Tag Archives: Bane

State of the Art – BANE on the Brain

Bane is a pretty one dimensional character in my opinion, and I am not a fan.

Although I do like seeing the different interpretations of the character across various DC related media.

This article is the first then in a visual series showing the comparative look at the art style and redesigns of Batman characters in the comics, and other mediums.

These articles are designed so that you can skip up and down the page to see the contrasting pictures, reading the comments is up to you.  It it not intended to be comprehensive, I am not going to show every version of Bane, because that would be boring.  I will choose whatever I find unique, interesting, or just damn cool art showcasing how Bane is interpreted in different mediums.

Batman Vengeance of Bane one shot cover Chuck Dixon

The Vengeance of Bane one-shot written by Chuck Dixon was the prelude to the Knightfall Saga.  In the story we meet Bane first as a child born in a South American prison, who inexplicably remains in prison for life despite not committing any crime, and despite all good common sense.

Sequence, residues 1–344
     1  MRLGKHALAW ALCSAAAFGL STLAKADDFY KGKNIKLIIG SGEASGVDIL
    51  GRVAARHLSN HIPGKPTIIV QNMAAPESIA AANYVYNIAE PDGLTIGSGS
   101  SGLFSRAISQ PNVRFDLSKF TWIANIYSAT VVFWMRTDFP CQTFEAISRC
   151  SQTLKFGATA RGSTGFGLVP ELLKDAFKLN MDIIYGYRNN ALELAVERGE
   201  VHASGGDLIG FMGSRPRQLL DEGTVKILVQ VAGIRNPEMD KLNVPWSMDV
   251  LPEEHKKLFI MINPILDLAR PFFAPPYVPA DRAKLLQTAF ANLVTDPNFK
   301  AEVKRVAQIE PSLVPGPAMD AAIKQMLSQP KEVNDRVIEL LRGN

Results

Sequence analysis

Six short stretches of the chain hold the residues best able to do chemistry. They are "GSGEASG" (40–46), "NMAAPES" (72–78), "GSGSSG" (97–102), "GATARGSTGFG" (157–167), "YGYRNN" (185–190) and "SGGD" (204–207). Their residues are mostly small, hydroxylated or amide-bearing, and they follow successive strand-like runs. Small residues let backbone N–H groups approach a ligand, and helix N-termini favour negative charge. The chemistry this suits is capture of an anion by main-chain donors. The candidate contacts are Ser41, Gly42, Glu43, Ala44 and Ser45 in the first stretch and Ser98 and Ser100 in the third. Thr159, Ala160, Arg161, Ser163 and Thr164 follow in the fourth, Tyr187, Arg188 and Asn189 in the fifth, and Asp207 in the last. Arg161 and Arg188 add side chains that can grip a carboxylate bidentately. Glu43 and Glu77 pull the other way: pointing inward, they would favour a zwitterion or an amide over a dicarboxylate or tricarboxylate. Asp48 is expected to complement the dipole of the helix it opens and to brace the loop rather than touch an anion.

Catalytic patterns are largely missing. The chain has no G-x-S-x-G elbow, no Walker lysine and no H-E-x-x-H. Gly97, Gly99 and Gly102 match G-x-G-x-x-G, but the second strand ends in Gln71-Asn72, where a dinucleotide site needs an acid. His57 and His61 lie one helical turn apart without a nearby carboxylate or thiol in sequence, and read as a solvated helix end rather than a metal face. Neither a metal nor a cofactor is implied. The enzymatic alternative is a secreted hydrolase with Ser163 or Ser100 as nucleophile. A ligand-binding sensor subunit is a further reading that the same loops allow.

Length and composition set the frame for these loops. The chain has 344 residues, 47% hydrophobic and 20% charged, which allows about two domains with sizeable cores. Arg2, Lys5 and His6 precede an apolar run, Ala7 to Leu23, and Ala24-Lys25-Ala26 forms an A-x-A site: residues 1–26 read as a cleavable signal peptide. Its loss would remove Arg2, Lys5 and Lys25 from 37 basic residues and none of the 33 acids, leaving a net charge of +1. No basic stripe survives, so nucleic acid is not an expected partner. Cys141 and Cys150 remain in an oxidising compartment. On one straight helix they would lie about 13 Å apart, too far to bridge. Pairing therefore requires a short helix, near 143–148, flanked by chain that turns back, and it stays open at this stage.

Bane reads a bunch of stuff, works out some and decides to “break” Batman.

Batman whom Bane has never met or even seen a picture of, nor has any reason to hurt, nor any proof that Batman even exists.  Bane just decides that he has to break the symbolic champion of Gotham.

Why not? I guess it beats sitting around in a cell all day.  The cover here shows us his eventual costumed look, that of a mexican wrestler with the typical full face mask.  Of course Bane is a lot taller and bigger than the typical Mexican wrestler, but the basic look is an obvious homage to a show wrestler, right down to the lace up boots and hunched over aggressive macho posture.

Of note here are the the long pants and shoes which Bane only appears to wear on this cover and not in subsequent stories. The footwear may be shoes or boots covered with the leg of the pants, it it not clear.  The prominent tubing from Bane’s head to his arm tells us this is a significant aspect to the character by being highlighted in yellow.

The way Bane is looking out at the reader suggests some urgency to the character, he has beaten (and possibly killed) some men in uniform, and is eagerly looking to move to his next target, or get on with his quest / mission.  He is clearly a man of action.

Batman - Knightfall Bane first full apearance

On this page we see the first full image of Bane in costume in a Batman comic.  A previous page shows him without his mask in profile and partial views, putting on his outfit, (he has a rubbish hair cut) leading to this dramatic splash page that announces to the reader that Bane is here and he means business.